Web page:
As you like it is a romantic comedy. It is full of sunshine, love, laughter, and song. The predominant mood of the play is one of cheerfulness, light-hearted gaiety, and laughter. It is a pure and fun romantic comedy. It revolves around two plots. One centers on hatred and the other centers on love. The outcome of both plots reveals that love is all-important, whether it is brotherly love or romantic love.
The play depicts romantic love at its best. Here I discuss the character of Lady Rosalind - the daughter of Duke Senior and the heroine of the play. She displays wit, intelligence, and alertness all through the play. She recognizes lifes difficulties but holds fast to a positive attitude that is kind, playful, and, above all, wise.
Rosalinds uncle has seized her father and has banished him to the forest of Arden. Therefore, when she is banished by Duke Frederick, she goes with Celia in search of her father under the disguise of Ganymede (a young man). All along the way Rosalind acts as best as a girl could in a mans disguise, and supports Celia till she can act no longer. Here she finds her lover Orlando, who wanders through the forest hanging love verses to Rosalind. She finds these verses, and, pretending to be a male (Ganymede), allows Orlando to practice his wooing with her. She performs her share of carping, but also attacks the overwhelming over-romanticism of Orlandos love. Rosalinds lessons to Orlando are meant to make him respect that sour rind, not to put his love on a pedestal for worship. Her disguised love-play is not merely a game with hapless Orlando, but an education: he must care enough to keep his promises and appointments, and respect her enough to speak as well as kiss.
Rosalind is an interesting character to focus on. I feel that she is a tough and complex woman yet she is able to show a sense of vulnerability to the audience by being affected by Orlandos insignificant tardiness as well as being faint at the sight of blood. This gives her a more human and endearing quality that enables the audience to see her as a real woman with faults and vulnerabilitiesor a less masculine man. Shakespeare was able to give her qualities that most women want without going to the extremes. She is neither too tough nor too feminine. She is a woman who knows what she wants and how to get it yet she is able to expose a more subtle side to herself. She is realistic in her beliefs of love...perhaps cynical. She believes that it exists. She takes pleasure in loving Orlando. On the other hand, Rosalind has a strong viewpoint about love and how it should not distort ones sense of reality. This brings me to the following quote:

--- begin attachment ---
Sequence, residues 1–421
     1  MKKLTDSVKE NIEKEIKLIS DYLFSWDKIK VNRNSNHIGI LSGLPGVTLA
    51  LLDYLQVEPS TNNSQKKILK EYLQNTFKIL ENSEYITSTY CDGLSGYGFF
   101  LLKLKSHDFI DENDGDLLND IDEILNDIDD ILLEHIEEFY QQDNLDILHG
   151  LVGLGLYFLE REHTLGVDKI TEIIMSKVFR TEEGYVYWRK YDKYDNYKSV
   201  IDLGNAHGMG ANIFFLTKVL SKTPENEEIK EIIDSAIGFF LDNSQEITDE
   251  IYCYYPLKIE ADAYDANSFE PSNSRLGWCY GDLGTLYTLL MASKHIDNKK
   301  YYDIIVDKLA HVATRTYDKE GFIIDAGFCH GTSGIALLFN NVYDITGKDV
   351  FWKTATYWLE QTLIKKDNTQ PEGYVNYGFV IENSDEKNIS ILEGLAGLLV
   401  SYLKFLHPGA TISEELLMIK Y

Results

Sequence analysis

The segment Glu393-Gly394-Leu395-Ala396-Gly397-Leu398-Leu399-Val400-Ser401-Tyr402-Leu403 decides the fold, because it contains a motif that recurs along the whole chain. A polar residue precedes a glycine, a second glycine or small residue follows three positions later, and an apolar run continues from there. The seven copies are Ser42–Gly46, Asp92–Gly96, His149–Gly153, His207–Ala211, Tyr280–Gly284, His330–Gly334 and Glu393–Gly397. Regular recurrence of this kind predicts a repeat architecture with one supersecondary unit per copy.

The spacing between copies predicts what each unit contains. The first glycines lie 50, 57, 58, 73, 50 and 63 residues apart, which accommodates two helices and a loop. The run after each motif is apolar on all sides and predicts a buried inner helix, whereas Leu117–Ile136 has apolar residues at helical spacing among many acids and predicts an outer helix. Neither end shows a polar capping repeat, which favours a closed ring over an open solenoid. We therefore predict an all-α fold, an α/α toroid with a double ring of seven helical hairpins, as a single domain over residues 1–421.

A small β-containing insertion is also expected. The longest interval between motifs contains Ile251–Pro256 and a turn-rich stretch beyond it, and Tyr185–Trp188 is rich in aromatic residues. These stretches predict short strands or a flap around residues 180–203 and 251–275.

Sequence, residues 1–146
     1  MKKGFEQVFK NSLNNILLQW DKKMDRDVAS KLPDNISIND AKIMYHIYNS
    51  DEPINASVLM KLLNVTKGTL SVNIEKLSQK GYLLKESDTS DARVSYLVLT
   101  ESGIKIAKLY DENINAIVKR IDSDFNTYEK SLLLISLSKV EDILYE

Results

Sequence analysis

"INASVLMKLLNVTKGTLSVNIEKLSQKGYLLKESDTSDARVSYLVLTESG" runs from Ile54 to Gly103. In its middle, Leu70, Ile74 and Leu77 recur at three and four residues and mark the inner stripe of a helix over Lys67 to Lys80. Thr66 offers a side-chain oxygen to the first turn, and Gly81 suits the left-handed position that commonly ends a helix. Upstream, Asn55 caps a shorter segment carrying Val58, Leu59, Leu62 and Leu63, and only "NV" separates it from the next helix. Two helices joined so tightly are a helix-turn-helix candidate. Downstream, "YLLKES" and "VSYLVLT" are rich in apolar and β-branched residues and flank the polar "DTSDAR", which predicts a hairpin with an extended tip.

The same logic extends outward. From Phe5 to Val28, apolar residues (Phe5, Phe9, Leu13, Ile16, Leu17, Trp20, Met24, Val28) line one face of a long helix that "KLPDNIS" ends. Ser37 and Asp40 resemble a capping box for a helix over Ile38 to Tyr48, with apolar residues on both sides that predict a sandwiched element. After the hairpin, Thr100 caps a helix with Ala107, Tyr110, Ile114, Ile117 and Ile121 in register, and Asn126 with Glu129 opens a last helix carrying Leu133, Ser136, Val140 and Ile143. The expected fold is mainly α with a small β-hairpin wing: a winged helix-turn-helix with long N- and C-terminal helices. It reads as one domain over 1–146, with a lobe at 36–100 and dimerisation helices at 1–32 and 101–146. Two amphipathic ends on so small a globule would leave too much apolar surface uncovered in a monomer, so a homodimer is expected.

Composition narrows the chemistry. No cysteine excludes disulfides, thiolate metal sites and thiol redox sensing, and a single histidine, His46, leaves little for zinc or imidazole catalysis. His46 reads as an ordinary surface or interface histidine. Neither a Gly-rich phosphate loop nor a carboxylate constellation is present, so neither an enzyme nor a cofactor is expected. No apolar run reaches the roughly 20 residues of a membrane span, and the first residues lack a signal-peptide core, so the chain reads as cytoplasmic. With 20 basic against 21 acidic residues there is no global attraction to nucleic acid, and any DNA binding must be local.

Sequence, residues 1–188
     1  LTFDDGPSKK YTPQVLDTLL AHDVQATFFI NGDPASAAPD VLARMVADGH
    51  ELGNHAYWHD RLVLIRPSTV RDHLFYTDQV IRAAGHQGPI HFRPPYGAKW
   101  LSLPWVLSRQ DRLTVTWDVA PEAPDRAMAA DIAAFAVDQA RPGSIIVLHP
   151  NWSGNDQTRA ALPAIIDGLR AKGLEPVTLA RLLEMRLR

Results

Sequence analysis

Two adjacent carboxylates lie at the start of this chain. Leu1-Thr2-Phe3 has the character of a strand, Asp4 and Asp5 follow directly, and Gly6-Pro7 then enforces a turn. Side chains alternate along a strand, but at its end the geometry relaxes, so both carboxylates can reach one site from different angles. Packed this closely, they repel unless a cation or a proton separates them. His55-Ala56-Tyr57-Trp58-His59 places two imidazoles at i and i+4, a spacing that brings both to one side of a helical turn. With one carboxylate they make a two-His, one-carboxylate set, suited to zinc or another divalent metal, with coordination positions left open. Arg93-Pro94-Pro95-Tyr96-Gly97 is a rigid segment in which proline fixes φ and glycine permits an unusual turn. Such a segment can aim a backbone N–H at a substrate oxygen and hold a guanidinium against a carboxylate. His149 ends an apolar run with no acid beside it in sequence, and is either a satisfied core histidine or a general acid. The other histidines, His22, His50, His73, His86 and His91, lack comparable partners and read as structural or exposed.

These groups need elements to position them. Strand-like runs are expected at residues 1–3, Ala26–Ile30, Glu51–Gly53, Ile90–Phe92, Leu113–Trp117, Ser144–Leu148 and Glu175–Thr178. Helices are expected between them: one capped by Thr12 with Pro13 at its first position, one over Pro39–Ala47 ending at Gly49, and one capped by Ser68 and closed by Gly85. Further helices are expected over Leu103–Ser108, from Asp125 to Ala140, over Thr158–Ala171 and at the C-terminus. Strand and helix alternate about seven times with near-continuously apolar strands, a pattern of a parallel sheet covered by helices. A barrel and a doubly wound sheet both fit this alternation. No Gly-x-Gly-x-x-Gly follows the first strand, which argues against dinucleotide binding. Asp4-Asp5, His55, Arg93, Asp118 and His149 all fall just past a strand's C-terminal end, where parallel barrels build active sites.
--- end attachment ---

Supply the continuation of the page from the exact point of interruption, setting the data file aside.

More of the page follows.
No, faith; die by attorney. The poor world is almost six thousand years old, and in all this time there was not any man died in his own person, videlicet, in a love-cause. Troilus had his brains dashed out with a Grecian club, yet he did what he could to die before, and he is one of the patterns of love. Leander, he would have lived many a fair year though Hero had turned nun if it had not been for a hot midsummer night, for, good youth, he went but forth to wash him in the Hellespont and, being taken with the cramp, was drowned; and the foolish chroniclers of that age found it was Hero of Sestos. But these are all lies. Men have died from time to time, and worms have eaten them, but not for love. (IV.i.8396)
Rosalind does not live in a fantasy about love. She enjoys love and all that it entails yet she does not fall into the delusions of love. Orlandos outlandish comment stating that he would die if Rosalind did not return his love is quickly dismissed by Rosalinds monologue above. Her purpose is not to criticize love but quite the opposite. Rosalind is looking to teach a style of love that can endure the realities of life as well as a love that can bring fulfillment and joy. In the end her game works to her benefit. She ultimately marries a well trained Orlando, the love of her life.